Stories alleging hair-based discrimination have gone viral on social media, including Andrew Johnson, a New Jersey student-wrestler who was forced to have his locs cut; Kerion Washington, a Texas teen whose mother said he was not hired at Six Flags because of his hairstyle; and Brittany Noble Jones, a former news anchor in Mississippi who alleged that her decision to wear a natural hairstyle was a factor in her dismissal. In a Medium post, Noble Jones claimed her news director said her natural hair was “unprofessional and the equivalent to him throwing on a baseball cap to go to the grocery store.”

Sandra Daniels, a Six Flags representative, said in an email that the amusement park modified its grooming policy this spring and male employees “may now wear dreadlocks — provided, per our standard guidelines — they are well-groomed and do not extend past the bottom of the collar.” Nexstar Broadcasting and its station, WJTV-TV, said in a statement that it stood by its decision, and that Noble Jones was fired for other reasons. “Allegations that Ms. Jones’s employment was terminated for her choice of hairstyles have no basis in fact and are vigorously denied,” the company said.

Most related incidents don’t result in legal action, said Wendy Greene, a professor at Kline School of Law at Drexel University. Lawsuits are expensive and time consuming, and only a few states and municipalities “expressly prohibit appearance discrimination,” she said in an email. As a result, many lawyers will not advise that their clients pursue a lawsuit “in light of the restrictive interpretations of federal civil rights law” and the gaps in local protections the new laws are trying to fix.

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Stories like that of Jones, the Alabama woman whose case was declined by the Supreme Court, were part of what led Dove to get involved, said Esi Eggleston Bracey, who leads beauty and personal care for Unilever in North America. Bracey spoke about the issue with the National Black Caucus of State Legislators last year, she said in an interview. “I am someone with textured hair and I’ve worn textured hair, and I’m very committed personally to driving this commitment,” she said.

California state Sen. Holly J. Mitchell (D), who wears her hair in locs, said Bracey’s talk resonated with her own experience and those of young black women in her district. She said her staff suggested drafting legislation, dubbing it the CROWN Act (“Create a Respectful and Open Workplace for Natural Hair”).

“It’s not just about hair. It’s about choice and about people being empowered to be who they are culturally in the workplace,” Mitchell said in an interview.

Dove’s efforts on the issue follow its long history of cause marketing campaigns focused on beauty standards but also come after an uproar that erupted in October 2017 over an online Dove ad. It depicted a smiling black woman taking off a skin-colored shirt to show a smiling white woman — an ad many found reminiscent of historically racist imagery. Amid strong backlash, Dove apologized and removed the post with the ad.

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Bracey and Joy Collective, a marketing firm hired by Dove that noted Dove’s 2017 “embarrassing PR mishap” in text about the CROWN Act that it has since removed from its website, said the current efforts are not a direct response to past ads. “Dove has always been dedicated to championing women’s individual beauty so that it is respected and celebrated authentically,” Bracey said in an email. “When I joined Unilever in January 2018, my goal was and still is to create systemic change in the beauty industry and to celebrate beauty inclusivity.”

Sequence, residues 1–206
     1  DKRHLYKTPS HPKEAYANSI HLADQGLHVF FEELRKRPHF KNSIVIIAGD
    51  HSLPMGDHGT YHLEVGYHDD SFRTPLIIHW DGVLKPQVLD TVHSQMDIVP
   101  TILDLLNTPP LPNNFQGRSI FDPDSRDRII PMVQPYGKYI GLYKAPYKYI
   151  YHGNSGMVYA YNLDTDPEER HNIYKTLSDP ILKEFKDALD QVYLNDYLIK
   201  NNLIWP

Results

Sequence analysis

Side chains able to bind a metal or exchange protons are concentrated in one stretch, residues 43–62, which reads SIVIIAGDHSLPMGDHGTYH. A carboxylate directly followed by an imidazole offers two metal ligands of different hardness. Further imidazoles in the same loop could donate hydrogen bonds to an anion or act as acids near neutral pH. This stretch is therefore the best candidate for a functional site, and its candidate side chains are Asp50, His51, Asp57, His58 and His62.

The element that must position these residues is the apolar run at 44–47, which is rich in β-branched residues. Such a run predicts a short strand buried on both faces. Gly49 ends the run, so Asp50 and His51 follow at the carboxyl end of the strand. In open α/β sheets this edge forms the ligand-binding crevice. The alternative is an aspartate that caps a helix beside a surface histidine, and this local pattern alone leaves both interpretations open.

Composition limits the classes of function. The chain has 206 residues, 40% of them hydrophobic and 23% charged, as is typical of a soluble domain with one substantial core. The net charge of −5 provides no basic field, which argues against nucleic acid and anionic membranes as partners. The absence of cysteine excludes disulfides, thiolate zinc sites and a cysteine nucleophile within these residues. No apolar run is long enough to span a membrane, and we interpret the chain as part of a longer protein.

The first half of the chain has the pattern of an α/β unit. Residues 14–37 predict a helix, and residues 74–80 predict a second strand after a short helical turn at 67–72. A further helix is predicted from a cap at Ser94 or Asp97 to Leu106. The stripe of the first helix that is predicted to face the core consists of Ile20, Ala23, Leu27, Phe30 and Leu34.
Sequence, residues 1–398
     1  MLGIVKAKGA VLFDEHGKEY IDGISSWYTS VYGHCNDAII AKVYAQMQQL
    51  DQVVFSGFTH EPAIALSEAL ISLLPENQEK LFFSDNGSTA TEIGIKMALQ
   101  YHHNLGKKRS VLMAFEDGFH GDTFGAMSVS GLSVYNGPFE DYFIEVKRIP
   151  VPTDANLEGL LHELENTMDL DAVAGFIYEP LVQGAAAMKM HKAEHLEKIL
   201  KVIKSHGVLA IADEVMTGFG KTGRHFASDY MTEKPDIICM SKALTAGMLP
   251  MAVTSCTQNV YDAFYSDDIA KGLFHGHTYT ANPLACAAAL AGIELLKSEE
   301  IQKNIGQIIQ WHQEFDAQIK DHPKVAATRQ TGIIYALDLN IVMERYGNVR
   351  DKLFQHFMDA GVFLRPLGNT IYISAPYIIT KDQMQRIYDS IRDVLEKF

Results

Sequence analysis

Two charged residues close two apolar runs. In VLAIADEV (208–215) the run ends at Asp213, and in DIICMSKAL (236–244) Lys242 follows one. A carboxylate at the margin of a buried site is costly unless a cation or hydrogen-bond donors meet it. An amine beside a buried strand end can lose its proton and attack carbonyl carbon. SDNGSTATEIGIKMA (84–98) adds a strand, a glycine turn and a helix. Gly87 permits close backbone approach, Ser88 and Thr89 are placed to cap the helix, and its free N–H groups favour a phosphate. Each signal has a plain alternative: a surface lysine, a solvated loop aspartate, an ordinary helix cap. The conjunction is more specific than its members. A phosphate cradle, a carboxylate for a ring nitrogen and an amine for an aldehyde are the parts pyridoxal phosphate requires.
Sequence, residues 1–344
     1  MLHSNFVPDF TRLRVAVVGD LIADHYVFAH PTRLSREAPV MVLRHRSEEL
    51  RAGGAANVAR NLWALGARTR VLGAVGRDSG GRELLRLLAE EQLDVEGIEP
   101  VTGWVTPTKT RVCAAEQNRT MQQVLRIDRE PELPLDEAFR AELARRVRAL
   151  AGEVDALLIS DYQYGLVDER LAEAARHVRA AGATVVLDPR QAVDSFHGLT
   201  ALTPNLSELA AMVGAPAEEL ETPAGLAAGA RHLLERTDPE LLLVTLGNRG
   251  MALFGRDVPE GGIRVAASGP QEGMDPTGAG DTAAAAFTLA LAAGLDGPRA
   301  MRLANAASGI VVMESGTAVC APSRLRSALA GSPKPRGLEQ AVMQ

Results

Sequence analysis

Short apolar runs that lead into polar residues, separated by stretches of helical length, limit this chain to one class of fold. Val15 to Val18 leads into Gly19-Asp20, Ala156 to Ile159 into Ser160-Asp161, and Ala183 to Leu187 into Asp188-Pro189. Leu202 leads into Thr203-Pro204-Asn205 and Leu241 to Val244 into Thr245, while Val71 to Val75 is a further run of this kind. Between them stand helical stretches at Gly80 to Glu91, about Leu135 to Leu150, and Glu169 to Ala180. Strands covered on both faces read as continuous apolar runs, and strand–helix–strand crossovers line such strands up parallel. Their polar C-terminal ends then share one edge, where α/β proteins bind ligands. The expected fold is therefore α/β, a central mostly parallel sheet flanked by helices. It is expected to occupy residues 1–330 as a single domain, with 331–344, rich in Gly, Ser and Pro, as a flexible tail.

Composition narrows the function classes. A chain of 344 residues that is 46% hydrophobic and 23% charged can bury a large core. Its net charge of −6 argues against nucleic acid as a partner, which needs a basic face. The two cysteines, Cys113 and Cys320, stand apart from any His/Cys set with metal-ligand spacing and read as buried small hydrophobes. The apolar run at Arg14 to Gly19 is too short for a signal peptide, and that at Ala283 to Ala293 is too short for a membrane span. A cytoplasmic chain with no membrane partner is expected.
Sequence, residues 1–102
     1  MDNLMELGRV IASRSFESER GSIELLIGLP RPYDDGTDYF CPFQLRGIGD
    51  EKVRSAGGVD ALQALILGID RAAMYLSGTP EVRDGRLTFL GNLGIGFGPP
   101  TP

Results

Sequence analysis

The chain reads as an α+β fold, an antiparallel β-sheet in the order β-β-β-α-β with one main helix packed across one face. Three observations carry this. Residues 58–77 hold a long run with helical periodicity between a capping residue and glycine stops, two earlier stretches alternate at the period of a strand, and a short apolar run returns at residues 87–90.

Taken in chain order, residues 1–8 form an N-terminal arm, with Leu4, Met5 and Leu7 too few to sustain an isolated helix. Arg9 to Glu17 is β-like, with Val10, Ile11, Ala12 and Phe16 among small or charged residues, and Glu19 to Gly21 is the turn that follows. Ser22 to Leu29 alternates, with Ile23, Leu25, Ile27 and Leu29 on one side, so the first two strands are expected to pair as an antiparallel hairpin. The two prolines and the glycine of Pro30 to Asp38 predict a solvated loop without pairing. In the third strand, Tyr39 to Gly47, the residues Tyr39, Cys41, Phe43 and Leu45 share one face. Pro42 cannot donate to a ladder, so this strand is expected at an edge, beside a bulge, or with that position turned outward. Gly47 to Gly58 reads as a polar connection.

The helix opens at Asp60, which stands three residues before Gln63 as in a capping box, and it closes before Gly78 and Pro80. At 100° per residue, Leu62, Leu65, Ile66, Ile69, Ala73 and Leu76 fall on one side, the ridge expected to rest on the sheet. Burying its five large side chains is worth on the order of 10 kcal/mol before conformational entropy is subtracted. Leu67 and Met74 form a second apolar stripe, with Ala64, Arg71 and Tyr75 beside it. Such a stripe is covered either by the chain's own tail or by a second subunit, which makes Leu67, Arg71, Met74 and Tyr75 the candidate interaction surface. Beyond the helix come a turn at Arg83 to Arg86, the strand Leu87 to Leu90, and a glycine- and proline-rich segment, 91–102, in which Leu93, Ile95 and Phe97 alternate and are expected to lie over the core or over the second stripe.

Employment lawyers say they won’t be surprised if more states adopt the provision or if businesses amend their policies. Companies with employees in multiple states “tend to look at the most restrictive state or state with the most protection” and use that as the default, said Natalie Fujikawa, an attorney for Fisher Phillips.

She will advise clients to do workplace training that includes discussions about bias or unwelcome comments around hair, conversations that could raise awareness and perhaps make more people comfortable with natural hair styles at work.

Some still aren’t. Harts recalls recently getting back from vacation with braided hair and not having time to get it blown straight before a meeting. “I felt uncomfortable — I felt people were judging me because of the narrative we’ve been told.”

Marie Smith, a lawyer in New Jersey, said she’s never been discriminated against at work but until recently wore a wig daily, in part to avoid comments or perceptions from co-workers in an office where there are no other black female attorneys. “For me it’s been more of a proactive thing,” said Smith, adding she was taught, growing up, to straighten her hair for an interview. “I’ve heard about too many bad reactions to natural hair to be willing to take that risk myself.”

But with the arrival of the new laws, she’s begun wearing more natural styles in the office. “It’s 2019,” she said. “I kept thinking about it — I was like, ‘Why am I putting myself through this?’ ”

Meanwhile, Lucrecia Johnson, an attorney in Washington, D.C., recalled the time she was working at a Big Law firm and a white colleague asked if her hairstyle — twists pinned up on top of her head — was “heavy” and then reached out to touch it. “I’m not a sideshow,” recalled Johnson, who has since founded her own firm. “When you see something you like on people, you don’t reach to touch it, you tell me you like my dress” or hair.

She thinks it’s great that states are passing such laws, but said lasting change will come from more awareness and cultural shifts. “It’s a hearts and minds thing,” she said. “The more it’s seen [in the workplace], the less likely someone will begin to question it. That’s when the real change will occur.”